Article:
Climbing up the career ladder

A native of Novovolynsk, Volyn region, 39-years old Andriy Gerus has  a degree in economic cybernatics from Ivan Franko Lviv University and also holds and MBA from Grenoble Graduate School of Business.

His career in energy industry began in 2003 after  he joined Galnaftogaz company.  He worked in different positions at Concorde Capital since 2007 and was made its executive director in 2015.

His first foray into politics proved unsuccessful as he failed in a bid for  Kyiv council seat running as a as ‘Samopomich’ party candidate.

In 2019, he re-emerged as a member of Zelensky election campaign team where he oversaw energy, public utilities and antimonopoly issues. Becoming the Ukrainian president, Zelensky made Gerus his official representative with the Cabinet of Ministers.

Gerus won a seat in the Verkhovna Rada as  ‘Servant of the People’ party member and soon was made chair of energy and public utilities committee.


Declaration of assets

His 2020 declaration of assets shows he owns a 149 sq.m. apartment in Kyiv and three cars (Audi A6, Subary Ouback, and Volvo XC90). His wife Nataliya declared an unfinished house, two parking spaces and a Cartier ring.  She also has a 62,% stake at Ukrainska Mriya Ltd and 8% stake at Solomyansky MPZ companies.

Their family declared 30 million hryvnas, $375 thousand, and 10.5 thousand euros in bank savings, and 440 thousand hryvnas and $ 333,5 thousand, and 90 thousand euros in cash.

Apart from his MP salary of 492 thousand hryvnas, Andriy Gerus earned over 2,5 million hryvnas interest on his saving accounts in different banks.

Both Gerus and his wife have 92 saving accounts.


Scandals and controversies

Brawl with Radykalna party leader Oleh Lyashko

Andriy Gerus hit the headlines in October, 2019, after his brawl with Radykalna party leader Oleh Lyashko. In the video that emerged on social media  Lyasko was seen confronting Gerus calling him ‘traitor’ and alleging he was behind the renewed energy exports from  Russia and Belarus. The confrontation escalated to a fist fight leaving Gerus with a ripped shirt and minor bruises.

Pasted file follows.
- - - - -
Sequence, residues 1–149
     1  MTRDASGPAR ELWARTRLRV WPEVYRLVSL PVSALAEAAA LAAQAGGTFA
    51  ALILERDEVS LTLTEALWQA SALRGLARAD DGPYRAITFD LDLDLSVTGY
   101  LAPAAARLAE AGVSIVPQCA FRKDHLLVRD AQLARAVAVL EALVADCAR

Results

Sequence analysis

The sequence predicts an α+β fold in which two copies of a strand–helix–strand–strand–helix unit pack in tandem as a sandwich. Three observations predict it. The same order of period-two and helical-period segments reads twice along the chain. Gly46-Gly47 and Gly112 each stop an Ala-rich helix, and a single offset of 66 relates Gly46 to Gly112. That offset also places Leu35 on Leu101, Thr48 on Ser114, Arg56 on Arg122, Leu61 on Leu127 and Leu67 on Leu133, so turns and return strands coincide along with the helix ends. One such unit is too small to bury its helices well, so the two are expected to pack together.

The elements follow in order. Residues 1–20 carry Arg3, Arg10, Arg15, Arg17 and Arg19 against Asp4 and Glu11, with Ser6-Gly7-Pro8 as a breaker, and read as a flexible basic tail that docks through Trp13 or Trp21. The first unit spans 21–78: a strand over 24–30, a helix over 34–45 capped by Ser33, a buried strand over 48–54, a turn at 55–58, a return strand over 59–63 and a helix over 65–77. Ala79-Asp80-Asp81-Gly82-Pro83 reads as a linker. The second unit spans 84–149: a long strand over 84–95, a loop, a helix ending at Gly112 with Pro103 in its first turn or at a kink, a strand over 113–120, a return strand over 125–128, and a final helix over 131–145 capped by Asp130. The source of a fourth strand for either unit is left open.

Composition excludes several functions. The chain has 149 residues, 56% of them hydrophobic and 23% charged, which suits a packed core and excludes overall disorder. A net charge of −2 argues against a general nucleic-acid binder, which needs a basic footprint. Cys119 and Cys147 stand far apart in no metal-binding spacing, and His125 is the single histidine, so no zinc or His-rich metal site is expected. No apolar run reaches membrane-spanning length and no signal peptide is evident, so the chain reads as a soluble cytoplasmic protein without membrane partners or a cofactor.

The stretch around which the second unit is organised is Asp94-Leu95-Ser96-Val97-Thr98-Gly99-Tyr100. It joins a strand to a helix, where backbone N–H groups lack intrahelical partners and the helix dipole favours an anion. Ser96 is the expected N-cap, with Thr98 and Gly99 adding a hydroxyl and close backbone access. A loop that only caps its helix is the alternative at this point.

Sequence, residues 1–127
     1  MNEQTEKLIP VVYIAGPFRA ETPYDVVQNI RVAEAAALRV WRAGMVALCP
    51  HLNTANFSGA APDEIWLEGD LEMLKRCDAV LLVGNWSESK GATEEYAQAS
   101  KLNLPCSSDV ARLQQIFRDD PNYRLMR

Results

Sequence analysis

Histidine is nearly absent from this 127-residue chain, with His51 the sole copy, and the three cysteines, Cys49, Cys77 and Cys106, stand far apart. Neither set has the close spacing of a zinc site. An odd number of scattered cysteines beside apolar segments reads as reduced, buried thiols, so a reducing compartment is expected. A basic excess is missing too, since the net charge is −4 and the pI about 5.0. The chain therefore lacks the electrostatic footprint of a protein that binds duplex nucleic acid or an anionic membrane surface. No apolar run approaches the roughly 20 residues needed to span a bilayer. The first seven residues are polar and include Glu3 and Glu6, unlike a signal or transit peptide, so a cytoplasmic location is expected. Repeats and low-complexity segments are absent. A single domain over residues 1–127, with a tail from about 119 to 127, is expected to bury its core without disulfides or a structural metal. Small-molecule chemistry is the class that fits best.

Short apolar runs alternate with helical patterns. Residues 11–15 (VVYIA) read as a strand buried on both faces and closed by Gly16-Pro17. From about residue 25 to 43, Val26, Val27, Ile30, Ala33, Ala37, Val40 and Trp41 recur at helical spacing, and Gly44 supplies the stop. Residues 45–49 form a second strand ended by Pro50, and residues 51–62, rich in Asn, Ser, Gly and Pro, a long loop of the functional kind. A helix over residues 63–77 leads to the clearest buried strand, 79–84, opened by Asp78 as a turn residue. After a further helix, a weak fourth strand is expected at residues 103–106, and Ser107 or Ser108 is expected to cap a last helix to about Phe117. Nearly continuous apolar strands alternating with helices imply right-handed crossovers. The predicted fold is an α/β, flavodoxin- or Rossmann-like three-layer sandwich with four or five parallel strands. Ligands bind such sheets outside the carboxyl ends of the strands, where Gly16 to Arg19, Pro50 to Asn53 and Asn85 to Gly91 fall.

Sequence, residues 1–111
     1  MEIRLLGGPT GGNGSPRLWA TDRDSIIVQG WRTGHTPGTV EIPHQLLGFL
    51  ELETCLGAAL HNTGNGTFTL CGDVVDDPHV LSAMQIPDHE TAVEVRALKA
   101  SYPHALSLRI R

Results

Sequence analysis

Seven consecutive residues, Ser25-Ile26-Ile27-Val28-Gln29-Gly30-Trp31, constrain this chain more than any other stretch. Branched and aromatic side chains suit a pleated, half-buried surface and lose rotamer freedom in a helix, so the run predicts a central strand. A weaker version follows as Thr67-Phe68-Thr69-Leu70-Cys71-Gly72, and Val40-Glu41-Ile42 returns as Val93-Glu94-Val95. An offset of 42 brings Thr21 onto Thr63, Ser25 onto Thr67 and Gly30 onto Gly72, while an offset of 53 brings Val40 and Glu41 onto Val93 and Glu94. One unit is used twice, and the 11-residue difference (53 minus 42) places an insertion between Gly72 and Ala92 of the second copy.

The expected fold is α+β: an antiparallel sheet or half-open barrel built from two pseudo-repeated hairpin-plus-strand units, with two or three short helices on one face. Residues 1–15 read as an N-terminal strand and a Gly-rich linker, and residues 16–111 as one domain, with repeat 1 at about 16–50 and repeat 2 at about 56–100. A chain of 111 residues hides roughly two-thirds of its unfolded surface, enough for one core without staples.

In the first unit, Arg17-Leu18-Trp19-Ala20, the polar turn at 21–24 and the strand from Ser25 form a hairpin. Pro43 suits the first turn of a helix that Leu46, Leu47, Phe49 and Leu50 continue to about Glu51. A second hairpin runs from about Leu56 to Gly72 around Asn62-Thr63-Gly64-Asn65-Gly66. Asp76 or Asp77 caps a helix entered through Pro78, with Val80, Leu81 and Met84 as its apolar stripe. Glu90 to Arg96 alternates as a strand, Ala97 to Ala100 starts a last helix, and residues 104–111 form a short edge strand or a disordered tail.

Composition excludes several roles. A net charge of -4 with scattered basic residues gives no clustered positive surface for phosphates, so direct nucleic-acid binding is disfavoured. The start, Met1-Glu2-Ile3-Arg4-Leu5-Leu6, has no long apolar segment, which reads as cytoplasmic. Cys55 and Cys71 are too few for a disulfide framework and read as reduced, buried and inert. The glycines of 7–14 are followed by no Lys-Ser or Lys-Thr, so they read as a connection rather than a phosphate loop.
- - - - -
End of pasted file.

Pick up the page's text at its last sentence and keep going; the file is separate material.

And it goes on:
The two politicians continued their spat on social media trading further insults and allegations.

“Servant of the People” MP took to Facebook to claim  ‘Radykalna party’ leader staged a provocative ‘stunt’ acting as  a mouthpiece and ‘notorious defender of [Rinat] Akhmetov [energy] business’.

Oleh Lyashko didn”t budge doubling down on his claim that Andriy Gerus was a ‘Russian lobbyist’ whose ‘treason’ left Ukraine ‘fully dependent on the aggressor-country’.

‘Servant of the People’ party leaders played down the incident with some of his fellow MPs suggesting Gerus should sign up for judo classes.

Ukraine’s chief prosecutor Ruslan Ryaboshapka warned the story could have serious implications for the ‘Radykalna’ party leader arguing the attack targeted the state official which can ‘prove costly’ for Lyashko and involve ‘stricter’ penalty.

Police opened a probe into the incident but it soon stalled after Lyashko complained  he faced ‘repressions’.


‘Gerus amendment’

In September, 2019, Gerus came under fire after the Verkhovna Rada adopted his amendment to ‘On Market of Electric Energy’ law opening a loophole for electricity imports from Russia and Belarus.  ‘European Solidarity’ MP Ivanna Klympush-Tzyntsadze argued the markup brought in by ‘Servant of the People’ MP granted the Ukrainian oligarch Ihor Kolomoyskiy access to  cheap energy contracts with Russia.

The Verkhovna Rada soon backtracked on the pl following the drawback from energy experts and politicians.

The former head of Zakarpattya local government Gennadiy Moskal claimed he had evidence of Gerus links to Russian and Belarusian intelligence after  High Anticorruption Court and Kyiv Shevchenkivsky Court pushed for  investigation into Andriy Gerus motives and  alleging ‘abuse of office’ charges. Yet the allegations of ‘lobbying Russian interests’ got nowhere either.


Complaints over low MP pay

Another ‘stumble’ came when ‘Servant of the People’ MP complained Ukrainian  law-makers’ pay  is ‘small’

In a 2019 interview, Andriy Gerus revealed   his income fell dramatically after he quit his well-paid posts in investment and energy sectors.

‘Would I care to have bigger pay? Sure, I would. Will I be able to live on it? When I was going into this, I had some idea of the sums [I would be paid].’

Andriy Gerus argued 44 thousand hryvnas monthly pay is ‘little’, awkwardly suggesting  MPs pay should rise as ‘public trust to the parliament is strengthening’.